Pensioner denies corrupting four young girls

Kirkop pensioner is denied bail after being charged with sexually molesting four girls, aged seven to 12

A 63 year-old man has been denied bail after he was charged with sexually molesting four young girls, the daughters of his summer residence neighbours at Armier.

Joseph Ebejer, a pensioner from Kirkop, was arraigned before magistrate Astrid May Grima this morning, accused of corruption of minors, non-consensual sexual acts and offending public morals in a public place.

He was escorted into the court building in handcuffs, his head covered with a white t-shirt, as relatives of the alleged victims sat in the courtroom, wiping away tears.

Police say the man, who has a previous conviction for corrupting minors, had participated in sexual activities with one girl, aged just 10 and had corrupted her and the others, who are aged between seven and 12 years old. He was also accused of committing non-consensual sexual acts on the girls.

Asked if he was contesting the validity of the arrest, Ebejer’s lawyer Joseph Brincat said that it had become futile to do so because today, all crimes and contraventions can give rise to arrest. According to a judgment by Judge DeGaetano in Police vs Odette Micallef Et, an arrest is legal as long as the inspector has a reasonable suspicion, he said.

Inspector Spiteri explained to the magistrate that after a report was made to the police, who investigated and found reasonable suspicion of guilt, a request was made to the duty magistrate who then ordered the issuing of an arrest warrant.

The court ruled the arrest valid and in line with the law.

Ebejer pleaded not guilty to the charges.

His lawyer asked the court to ban the publication of the name of the accused, as this could lead to the identification of the victims. It would not make a difference to the case, he said, as the case “would not be decided in village squares or on newspapers.”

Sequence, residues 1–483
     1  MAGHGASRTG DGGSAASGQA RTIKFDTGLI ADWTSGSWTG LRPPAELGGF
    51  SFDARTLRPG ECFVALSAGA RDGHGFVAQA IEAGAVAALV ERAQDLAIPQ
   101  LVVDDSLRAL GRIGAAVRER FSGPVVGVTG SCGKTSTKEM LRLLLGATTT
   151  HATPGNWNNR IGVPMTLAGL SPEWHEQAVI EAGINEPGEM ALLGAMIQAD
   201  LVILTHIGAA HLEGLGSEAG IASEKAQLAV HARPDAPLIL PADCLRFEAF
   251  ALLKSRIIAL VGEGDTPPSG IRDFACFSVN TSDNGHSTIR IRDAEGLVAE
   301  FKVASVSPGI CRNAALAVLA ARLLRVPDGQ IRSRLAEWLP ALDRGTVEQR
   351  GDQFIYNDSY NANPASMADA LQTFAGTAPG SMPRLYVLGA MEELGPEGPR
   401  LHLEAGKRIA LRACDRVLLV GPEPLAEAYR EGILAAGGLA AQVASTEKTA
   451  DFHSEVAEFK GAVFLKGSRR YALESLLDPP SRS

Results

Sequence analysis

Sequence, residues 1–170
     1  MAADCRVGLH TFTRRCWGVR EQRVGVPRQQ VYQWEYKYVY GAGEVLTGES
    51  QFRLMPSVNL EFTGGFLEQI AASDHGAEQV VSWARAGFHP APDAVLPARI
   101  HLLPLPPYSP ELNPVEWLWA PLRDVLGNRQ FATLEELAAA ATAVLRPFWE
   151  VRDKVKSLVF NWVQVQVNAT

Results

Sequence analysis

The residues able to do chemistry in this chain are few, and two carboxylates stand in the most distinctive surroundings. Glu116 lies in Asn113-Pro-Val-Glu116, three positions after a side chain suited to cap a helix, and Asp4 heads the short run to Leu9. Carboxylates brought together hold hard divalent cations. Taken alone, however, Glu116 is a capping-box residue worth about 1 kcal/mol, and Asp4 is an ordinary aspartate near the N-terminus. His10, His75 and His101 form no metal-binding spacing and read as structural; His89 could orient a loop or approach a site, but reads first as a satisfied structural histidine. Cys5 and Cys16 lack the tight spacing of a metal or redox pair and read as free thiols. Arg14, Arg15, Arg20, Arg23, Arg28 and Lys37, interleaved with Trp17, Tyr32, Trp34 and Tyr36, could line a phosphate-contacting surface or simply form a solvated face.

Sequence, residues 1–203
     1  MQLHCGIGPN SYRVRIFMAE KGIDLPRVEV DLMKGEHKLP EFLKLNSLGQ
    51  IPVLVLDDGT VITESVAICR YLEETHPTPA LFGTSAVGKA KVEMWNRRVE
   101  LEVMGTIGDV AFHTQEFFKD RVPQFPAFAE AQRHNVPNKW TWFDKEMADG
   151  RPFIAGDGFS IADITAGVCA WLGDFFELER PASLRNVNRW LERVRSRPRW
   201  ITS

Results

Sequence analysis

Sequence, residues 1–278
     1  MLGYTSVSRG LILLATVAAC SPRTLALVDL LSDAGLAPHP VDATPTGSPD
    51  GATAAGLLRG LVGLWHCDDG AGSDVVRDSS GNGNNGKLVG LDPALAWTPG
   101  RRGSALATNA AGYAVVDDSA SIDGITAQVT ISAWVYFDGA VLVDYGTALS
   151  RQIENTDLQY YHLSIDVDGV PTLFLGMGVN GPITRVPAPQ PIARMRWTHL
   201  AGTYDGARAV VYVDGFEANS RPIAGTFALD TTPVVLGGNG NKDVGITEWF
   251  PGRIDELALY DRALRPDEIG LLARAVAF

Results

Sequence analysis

Inspector Spiteri said he did not agree that the accused’s name be withheld from publication. It would not result in the identification of the girls and had no basis in law, he argued. Police investigations indicated that that there could be more victims yet to come forward, added the inspector.

Brincat counter argued that the rest of the evidence would be heard behind closed doors and argued that it was discretional on the court to uphold the request for a ban.

The court, after hearing the parties’ submissions, ordered a ban on the publication of the children’s names and that of their family members. The name of the accused is not subject to the ban.

Brincat then formally requested bail for the accused. The prosecution objected, pointing to the man’s criminal record – he had already been convicted for corruption of minors before, said the inspector.

There were also a number of civilian witnesses yet to testify and it was premature for the court to release the accused on bail, Spiteri added.

The court agreed that it was too early to speak of bail, due to the young witnesses and ordered that the man be remanded in custody.

Inspector Clayton Camilleri also prosecuted. Lawyers Arthur Azzopardi and Rene Darmanin appeared parte civile for the victims

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